Before we get into the nuts and bolts of SketchUp itself let's look at what externally has changed and the first major change is to the 3D Warehouse. Over the years the 3D warehouse has been a place to source all types of 3D content from Mies van der Rohe Barcelona Chairs to Klingon Battle Cruisers but it hasn't really seen an overhaul in a few years....until now!
So to the big news of the day...SketchUp 2014 is out! As already mentioned, this marks a milestone in SketchUp's life, the big 1-0. This 10th release of our favourite 3D modeling application has brought with some new features, bug fixes and some welcome surprises.
The two most notable additions initially are the new Classifier tool and the additional Arc tools. Anyone currently entrenched in BIM will see and reap the benefits of having the ability to both import and export models with inherited metadata. The Classifier allows SketchUp to provide a pipeline to other building information modeling (BIM) tools.
So what does the Classifier do? In short the tool will allow you to tag geometry (groups or components) with industry standard object types: walls, slabs, columns, floors etc., to facilitate interoperability in BIM based projects. SketchUp uses it's own .skc file for importing of Industry Foundation Classes(IFC)data as well as the import of .xsd file types.
SketchUp uses modifier keys whilst using the Classifier tool to aid the tagging procedure. Holding SHIFT makes components unique prior to tagging, holding ALT/COMMAND toggles Picker mode. You can also add classification to objects through the Entity Info panel.
To supplement this new classification system in SketchUp you can now export your tagged models to .ifc file format to be used in other BIM applications. This will be a big bonus for anyone who found themselves reworking SketchUp models in Revit, Archicad etc. It will be interesting to see how users adopt to this new workflow and if we see user generated classification systems?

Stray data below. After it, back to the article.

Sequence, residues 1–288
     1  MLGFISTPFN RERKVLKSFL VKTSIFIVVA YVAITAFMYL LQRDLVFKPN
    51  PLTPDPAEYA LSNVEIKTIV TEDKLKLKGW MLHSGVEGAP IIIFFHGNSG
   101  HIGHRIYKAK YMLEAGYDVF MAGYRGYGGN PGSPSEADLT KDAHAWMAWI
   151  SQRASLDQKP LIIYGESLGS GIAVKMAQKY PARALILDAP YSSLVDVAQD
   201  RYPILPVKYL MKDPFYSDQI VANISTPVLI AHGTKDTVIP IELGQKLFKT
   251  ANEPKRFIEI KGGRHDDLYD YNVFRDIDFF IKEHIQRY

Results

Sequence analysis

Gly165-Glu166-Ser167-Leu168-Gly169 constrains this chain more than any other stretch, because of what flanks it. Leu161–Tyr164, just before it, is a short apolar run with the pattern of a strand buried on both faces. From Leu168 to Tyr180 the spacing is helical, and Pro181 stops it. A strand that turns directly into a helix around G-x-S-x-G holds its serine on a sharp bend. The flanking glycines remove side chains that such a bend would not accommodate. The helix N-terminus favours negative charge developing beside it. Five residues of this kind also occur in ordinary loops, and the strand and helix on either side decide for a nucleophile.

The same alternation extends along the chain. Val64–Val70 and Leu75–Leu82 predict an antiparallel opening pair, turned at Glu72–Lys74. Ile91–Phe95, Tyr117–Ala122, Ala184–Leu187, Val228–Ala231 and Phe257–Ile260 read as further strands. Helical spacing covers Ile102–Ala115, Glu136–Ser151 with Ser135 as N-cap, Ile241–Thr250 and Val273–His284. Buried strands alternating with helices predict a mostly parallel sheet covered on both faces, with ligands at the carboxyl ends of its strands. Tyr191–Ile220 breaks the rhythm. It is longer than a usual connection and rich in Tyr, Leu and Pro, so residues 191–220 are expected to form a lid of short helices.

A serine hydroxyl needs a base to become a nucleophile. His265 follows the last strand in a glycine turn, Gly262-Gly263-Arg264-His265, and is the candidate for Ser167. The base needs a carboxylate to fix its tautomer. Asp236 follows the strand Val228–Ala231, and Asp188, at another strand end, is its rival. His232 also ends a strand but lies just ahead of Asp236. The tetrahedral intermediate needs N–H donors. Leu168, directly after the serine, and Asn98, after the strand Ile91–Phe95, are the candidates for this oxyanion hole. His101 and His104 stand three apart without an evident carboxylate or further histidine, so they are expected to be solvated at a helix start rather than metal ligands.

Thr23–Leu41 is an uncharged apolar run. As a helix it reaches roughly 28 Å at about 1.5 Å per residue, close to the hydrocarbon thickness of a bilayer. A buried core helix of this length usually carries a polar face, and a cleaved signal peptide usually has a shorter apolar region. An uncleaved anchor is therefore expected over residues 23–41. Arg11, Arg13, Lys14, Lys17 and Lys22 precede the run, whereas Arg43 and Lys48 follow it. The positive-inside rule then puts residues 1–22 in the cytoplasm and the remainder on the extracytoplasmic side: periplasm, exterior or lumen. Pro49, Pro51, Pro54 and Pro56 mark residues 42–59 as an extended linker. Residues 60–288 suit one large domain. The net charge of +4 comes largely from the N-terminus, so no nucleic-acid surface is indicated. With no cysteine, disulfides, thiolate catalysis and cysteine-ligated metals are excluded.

Next are the new Arc tools, Pie and Arc, that bring further workflow improvements to the drawing experience in SketchUp. Whilst we have had this functionality via plugins already the implementation in SketchUp 2014 is well executed. Use of the Protactor and inferencing engine make drawing arcs at any conceivable orientation a breeze and it closely bridges the toolsets already available in LayOut. Hopefully future releases will see more tools available in LayOut transitioning to SketchUp and vice versa.
One area of SketchUp that sees a huge leap is in the shadow engine. SketchUp 2014 now chews through large models with shadows set to display. The optimizations to the shadow engine can yield up to 15x better performance which is a considerable increase to say the least. While the polycount threshold for SketchUp remains the same this shadow improvement does make presentations of models to clients a nicer experience overall.
Those that upgraded to SketchUp 2013 will know that the UI got a major rework that fixed the long standing 'Toolbar Chaos' scenario on Windows. Well SketchUp have listened to the user feedback and reinstated the 'stacked' toolbar we had post-SketchUp 2013 for the Large Toolset.
The new nested toolsets are a big improvement. Not only do we enjoy some new drawing tools but we have them compiled to save workspace real estate. Again this is something we have already enjoyed in LayOut and it is great to see it finally added to SketchUp.
Other new features are mainly cosmetic- like icon re-sizing, renaming of some 'View' menu entries, exporter tweaks for AutoCad 2013 and other bugs fixes.
Overall SketchUp 2014 Pro builds on last years foundations and the additional tools and improvements are most welcome. This release certainly adds to the 'under the hood' improvements of last year with nice and shiny hood ornaments and some turbo-charging!
As ever LayOut just keeps getting better and better with each release. This time we see further improvements to the 'AutoCad Killer' that really show how commited SketchUp are to making LayOut the best 2D drafting and presentation tool available.